Serum interleukin (IL)-4 and IL-6 may play a role in the pathogenesis of primary immune thrombocytopenia (ITP), according to a new study published in the European Journal of Pediatrics. In addition, IL-4 levels may be a good predictor of response to treatment.

The researchers aimed to predict the course of ITP by evaluating the levels of IL-4 and IL-6, which may serve as markers of impaired cellular immunity.

Read more about the pathophysiology of ITP

They prospectively analyzed 60 children aged 1 to 18 years, of whom 15 were newly diagnosed with ITP, 15 had persistent disease, 15 had chronic disease, and 15 were healthy. 

The researchers measured the serum levels of IL-4 and IL-6 in the children and found that children with newly diagnosed ITP and those with persistent disease had significantly higher levels of IL-4 and IL-6.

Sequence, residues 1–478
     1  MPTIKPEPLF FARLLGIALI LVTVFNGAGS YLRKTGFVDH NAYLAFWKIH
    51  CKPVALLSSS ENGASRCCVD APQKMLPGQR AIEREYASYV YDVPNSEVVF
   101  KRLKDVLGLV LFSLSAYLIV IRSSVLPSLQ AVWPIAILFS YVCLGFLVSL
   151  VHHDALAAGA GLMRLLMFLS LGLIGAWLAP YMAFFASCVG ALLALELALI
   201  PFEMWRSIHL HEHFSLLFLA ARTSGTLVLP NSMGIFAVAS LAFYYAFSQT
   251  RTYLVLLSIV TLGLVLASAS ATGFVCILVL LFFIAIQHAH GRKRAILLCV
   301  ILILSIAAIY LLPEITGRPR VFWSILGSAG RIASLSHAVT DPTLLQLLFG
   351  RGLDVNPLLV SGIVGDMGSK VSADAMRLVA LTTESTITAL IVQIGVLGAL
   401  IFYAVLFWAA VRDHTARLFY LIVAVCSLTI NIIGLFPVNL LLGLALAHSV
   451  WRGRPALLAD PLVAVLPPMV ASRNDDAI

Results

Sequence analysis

More precisely, the mean levels of IL-4 and IL-6 in the serum of newly diagnosed children were 762 pg/mL and 178.5 pg/mL, respectively. These levels were 741 pg/mL and 164.4 pg/mL, respectively, in the serum of children with persistent disease.

The serum levels of IL-4 and IL-6 were much lower in the serum of children with chronic disease and healthy controls at 364.4 pg/mL and 436.8 pg/mL for IL-4 and 57.9 pg/mL and 88.4 pg/mL for IL-6, respectively. 

Interestingly, serum IL-4 levels were significantly higher in patients who achieved remission than in those whose condition did not improve with first-line therapy.

“We found that IL4 seems to be a good predictor to treatment response and it was a very interesting observation in our study,” the researchers concluded. “To the best of our knowledge, there is no published data about this finding.”


Zakaria M, Beshir M, Hassan T, et al. Role of interleukin 4 (IL4) and interleukin 6 (IL6) in the pathogenesis and prognosis of childhood primary immune thrombocytopenia. Eur J Pediatr. Published online April 25, 2023. doi:10.1007/s00431-023-04945-x